Monday, August 15, 2016

Behind the Scenes of State Normal with Lula Martin McIver, part one

In a undated speech titled "The Educated Woman's Contribution to the Service of the State," Lula Martin McIver, widow of the State Normal and Industrial School's (now UNCG) founding president Charles Duncan McIver, passionately argued for the value of education for women in North Carolina. Her speech echoes many of the sentiments expressed at the founding of the school about the importance of educating women as a way of educating the populace as a whole. She stated, "since it is true that the child of today is the citizen of tomorrow, it may safely be claimed that the woman citizen of the state laboring in the home and school combines all four -- she rules all, prays for all, fights for all, and metaphorically and literally feeds all. Since she occupies such an important position in relation to the future citizenship of the state, it is of supreme importance to every state that she be properly trained for her great work."

The fight for women's education is one that Lula McIver started as a young girl, developed further with her husband Charles, and continued until her death. Lula was born Lula Verlinda Martin in Salem, North Carolina, on June 8, 1864, to Dr. Samuel Martin, a dentist, and Verlinda Miller Martin, who had graduated with honors from Edgeworth Seminary in Greensboro. Young Lula grew up surrounded by books and scientific instruments, and dreamed of becoming a physician. But, in the 19th century, the path for women wishing to become medical doctors was almost non-existent. She attended the prestigious Salem Academy, graduating in 1881. Ultimately, however, she chose to pursue a career as a teacher over her dreams of becoming a physician.

She began her career teaching in a one-room private school and later in the Oxford Orphanage. Four years after beginning her teaching career, Lula met a fellow teacher named Charles Duncan McIver. In 1885, the couple married. Lula, however, retained her strong sense of independence and her belief "that a woman was an individual with a right to her own mind, her own property, her own privileges." She refused to wear a wedding ring as she believed it to be a symbol of the oppression of women (according to a 1940 Founder's Day address issued by the College).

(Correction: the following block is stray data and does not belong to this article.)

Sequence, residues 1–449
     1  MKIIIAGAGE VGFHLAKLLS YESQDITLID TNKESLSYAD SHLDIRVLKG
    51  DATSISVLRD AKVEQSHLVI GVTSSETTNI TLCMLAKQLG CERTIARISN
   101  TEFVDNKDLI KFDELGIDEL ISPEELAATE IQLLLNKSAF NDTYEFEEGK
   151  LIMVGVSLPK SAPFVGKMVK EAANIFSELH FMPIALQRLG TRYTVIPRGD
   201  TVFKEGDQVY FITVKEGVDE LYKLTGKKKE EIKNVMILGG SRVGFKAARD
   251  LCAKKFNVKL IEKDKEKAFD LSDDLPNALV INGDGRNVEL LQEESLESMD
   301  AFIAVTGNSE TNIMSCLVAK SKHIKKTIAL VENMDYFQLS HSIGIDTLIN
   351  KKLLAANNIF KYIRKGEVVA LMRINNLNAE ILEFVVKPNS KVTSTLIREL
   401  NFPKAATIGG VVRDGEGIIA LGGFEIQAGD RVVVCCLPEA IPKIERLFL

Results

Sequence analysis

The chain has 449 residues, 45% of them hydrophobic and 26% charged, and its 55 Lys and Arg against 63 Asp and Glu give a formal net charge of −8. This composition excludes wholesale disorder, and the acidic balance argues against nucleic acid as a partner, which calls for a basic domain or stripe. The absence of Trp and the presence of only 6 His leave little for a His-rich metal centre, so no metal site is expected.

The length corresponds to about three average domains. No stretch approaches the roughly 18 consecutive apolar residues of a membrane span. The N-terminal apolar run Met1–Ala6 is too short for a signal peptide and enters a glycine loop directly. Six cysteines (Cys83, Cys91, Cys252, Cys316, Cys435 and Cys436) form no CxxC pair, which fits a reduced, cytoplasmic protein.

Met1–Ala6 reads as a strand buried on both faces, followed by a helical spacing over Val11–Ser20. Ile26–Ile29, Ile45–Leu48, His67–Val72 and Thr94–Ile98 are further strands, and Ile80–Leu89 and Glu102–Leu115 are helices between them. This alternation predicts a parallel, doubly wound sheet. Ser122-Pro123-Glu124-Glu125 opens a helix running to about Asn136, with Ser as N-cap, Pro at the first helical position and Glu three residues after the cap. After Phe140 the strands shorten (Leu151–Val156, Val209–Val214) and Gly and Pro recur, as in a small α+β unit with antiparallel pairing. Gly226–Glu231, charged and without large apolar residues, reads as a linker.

Around the time of their marriage, Charles became heavily involved in local Teachers Institutes, which sought to provide professional training for educators throughout North Carolina. At the time, the state had no formal system for training its teachers, and funding for public schools was sparse. Lula was an essential part of the Institutes' success, doing everything from practice teaching demonstrations to scrubbing clean the local courthouses used as training sites.

Most of the Teachers Institutes took place during the summer months when the public schools were not in session. During the academic year, beginning in 1886, the McIvers both taught at Peace Institute in Raleigh. Lula also briefly held the position of "lady principal" at the Charlotte Female Institute (now Queen's University). During this time, Charles also contemplated leaving education for a career as a lawyer (a decision he ultimately abandoned). Lula joined him in studying the law "because her mind needed the constant stimulation of study and learning." Charles often told a story of coming home to find Lula "completely absorbed, lying across the bed with her chin in her hands, in The Legal Rights of Married Women in England." During her time in Charlotte, Lula studied with Dr. Annie Laurie Alexander, the first North Carolina woman physician to practice in the state.

Next week, we'll explore Lula McIver's role as the first lady of the State Normal and Industrial School as well as her continuing contributions to the development of the public education system in North Carolina.

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